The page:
cannot render an opinion on the 2010 consolidated financial statements of the federal government, because of widespread material internal control weakness, significant uncertainties, and other limitations.”
This has occurred for years. Although each year the federal government states improvements are being made, the bottom line answer remains that the federal government is financially out-of-control. The GAO noted problems that included (i) an estimated $125.4 billion in improper payments and (ii) an inability to account for and reconcile intergovernmental activity and balances. One of the major offenders is the Department of Defense (“DoD”), whose serious financial management problems “made its financial statements unauditable”.
For many years now, the Department of Defense has been avoiding an audit with an excuse that seems anything but confidence inspiring. The DoD claims that its massive size and operational complexity makes its financial reporting too complicated to audit. Here is a more thorough discussion of the situation.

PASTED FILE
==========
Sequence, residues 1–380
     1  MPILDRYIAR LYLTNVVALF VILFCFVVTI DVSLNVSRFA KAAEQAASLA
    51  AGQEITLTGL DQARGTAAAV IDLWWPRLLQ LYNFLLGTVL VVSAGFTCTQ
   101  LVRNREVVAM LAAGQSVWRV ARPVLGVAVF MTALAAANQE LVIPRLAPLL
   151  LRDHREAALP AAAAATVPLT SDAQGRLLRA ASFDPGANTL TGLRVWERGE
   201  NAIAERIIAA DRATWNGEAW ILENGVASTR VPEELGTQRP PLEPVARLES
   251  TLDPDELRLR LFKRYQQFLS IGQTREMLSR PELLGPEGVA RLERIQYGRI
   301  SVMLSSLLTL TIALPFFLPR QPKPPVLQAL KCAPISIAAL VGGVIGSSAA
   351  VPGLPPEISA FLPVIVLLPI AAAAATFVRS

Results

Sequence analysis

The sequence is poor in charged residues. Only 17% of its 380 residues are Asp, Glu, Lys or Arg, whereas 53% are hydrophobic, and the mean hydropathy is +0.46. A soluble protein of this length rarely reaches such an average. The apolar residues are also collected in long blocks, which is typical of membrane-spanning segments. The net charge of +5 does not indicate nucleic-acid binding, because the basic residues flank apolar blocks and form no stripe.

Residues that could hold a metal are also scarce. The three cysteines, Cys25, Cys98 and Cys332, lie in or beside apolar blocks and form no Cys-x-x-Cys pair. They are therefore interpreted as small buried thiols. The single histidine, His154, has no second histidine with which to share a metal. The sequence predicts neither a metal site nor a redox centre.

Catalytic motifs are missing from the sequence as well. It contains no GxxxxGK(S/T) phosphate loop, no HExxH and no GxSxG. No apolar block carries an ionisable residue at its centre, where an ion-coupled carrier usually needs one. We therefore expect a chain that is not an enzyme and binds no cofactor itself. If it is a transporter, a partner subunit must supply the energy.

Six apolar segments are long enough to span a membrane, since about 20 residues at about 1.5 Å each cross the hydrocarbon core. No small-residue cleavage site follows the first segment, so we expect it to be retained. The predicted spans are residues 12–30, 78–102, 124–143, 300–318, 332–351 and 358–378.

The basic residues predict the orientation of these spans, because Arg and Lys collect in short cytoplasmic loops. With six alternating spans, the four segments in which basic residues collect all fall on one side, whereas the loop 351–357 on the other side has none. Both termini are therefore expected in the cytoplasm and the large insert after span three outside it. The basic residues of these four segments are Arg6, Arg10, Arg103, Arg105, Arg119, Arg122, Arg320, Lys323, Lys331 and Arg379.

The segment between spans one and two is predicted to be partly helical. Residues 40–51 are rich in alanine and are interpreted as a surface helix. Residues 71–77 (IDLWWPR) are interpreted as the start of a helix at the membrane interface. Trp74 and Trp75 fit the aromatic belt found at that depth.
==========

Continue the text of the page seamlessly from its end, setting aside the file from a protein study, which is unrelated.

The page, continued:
However, taxpayers should be relieved to hear that the DoD is trying hard to be audit-ready by 2017. 2017??? Because it’s just too hard and the DoD is not ready???
The idea that an audit should only take place when the audit subject is “ready” would be laughable if it didn’t involve the potential loss of billions of dollars. In our royalty and distribution audit work, we often encounter audit targets that prefer delay or who wish to limit the information they provide. That’s not how an audit should operate. Any audit target that wants to define the scope of our investigation in this way raises our suspicion as to the completeness of their reporting. The federal government should be held to no less of a standard than commercial enterprises.